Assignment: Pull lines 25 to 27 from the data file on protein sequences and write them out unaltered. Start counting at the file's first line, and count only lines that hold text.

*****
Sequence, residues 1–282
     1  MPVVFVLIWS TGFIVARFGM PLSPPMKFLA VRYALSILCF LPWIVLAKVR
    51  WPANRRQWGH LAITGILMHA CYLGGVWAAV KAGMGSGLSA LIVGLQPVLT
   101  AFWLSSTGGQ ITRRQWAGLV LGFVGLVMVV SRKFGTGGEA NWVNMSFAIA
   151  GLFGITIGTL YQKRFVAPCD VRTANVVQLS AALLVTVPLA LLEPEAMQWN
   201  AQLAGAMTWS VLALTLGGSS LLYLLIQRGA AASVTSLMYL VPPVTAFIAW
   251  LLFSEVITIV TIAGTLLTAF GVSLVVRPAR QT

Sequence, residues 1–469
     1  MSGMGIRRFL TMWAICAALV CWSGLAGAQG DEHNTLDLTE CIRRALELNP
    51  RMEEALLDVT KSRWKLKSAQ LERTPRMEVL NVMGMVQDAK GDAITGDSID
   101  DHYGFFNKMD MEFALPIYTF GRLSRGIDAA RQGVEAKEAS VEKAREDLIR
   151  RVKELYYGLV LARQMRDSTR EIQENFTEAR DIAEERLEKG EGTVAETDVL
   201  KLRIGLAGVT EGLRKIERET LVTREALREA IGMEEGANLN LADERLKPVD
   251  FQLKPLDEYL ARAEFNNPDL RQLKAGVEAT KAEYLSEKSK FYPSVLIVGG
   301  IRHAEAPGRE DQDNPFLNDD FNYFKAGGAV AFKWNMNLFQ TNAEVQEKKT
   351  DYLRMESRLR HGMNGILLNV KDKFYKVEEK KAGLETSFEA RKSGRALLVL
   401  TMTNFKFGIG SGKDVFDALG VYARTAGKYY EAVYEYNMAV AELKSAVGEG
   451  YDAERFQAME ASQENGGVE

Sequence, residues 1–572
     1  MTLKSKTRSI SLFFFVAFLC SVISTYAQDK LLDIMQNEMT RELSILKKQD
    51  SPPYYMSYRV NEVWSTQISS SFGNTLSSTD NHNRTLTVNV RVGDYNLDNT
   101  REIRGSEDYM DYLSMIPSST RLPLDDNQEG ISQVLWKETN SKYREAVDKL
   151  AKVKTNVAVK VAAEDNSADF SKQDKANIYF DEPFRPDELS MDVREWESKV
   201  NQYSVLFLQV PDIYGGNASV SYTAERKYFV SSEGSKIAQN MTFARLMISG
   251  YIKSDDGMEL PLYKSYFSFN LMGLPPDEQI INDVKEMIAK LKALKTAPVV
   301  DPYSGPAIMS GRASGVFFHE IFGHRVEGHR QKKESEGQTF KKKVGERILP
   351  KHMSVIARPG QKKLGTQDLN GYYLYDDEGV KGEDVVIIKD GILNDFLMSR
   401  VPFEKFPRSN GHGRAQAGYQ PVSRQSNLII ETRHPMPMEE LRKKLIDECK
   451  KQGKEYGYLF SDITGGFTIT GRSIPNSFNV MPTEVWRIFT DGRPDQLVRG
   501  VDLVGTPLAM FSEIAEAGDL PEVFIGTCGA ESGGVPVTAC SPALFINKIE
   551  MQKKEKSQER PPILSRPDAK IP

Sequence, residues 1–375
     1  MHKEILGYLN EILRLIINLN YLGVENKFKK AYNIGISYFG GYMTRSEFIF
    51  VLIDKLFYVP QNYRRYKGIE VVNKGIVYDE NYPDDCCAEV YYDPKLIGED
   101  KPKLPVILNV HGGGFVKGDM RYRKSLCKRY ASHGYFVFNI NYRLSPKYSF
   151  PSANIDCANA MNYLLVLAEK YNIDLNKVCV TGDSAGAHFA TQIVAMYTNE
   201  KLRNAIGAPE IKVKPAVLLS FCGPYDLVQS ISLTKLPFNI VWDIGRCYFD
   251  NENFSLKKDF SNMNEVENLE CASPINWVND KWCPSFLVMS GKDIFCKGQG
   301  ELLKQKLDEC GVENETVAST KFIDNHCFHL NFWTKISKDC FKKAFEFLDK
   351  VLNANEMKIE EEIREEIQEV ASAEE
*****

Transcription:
   251  YIKSDDGMEL PLYKSYFSFN LMGLPPDEQI INDVKEMIAK LKALKTAPVV
   301  DPYSGPAIMS GRASGVFFHE IFGHRVEGHR QKKESEGQTF KKKVGERILP
   351  KHMSVIARPG QKKLGTQDLN GYYLYDDEGV KGEDVVIIKD GILNDFLMSR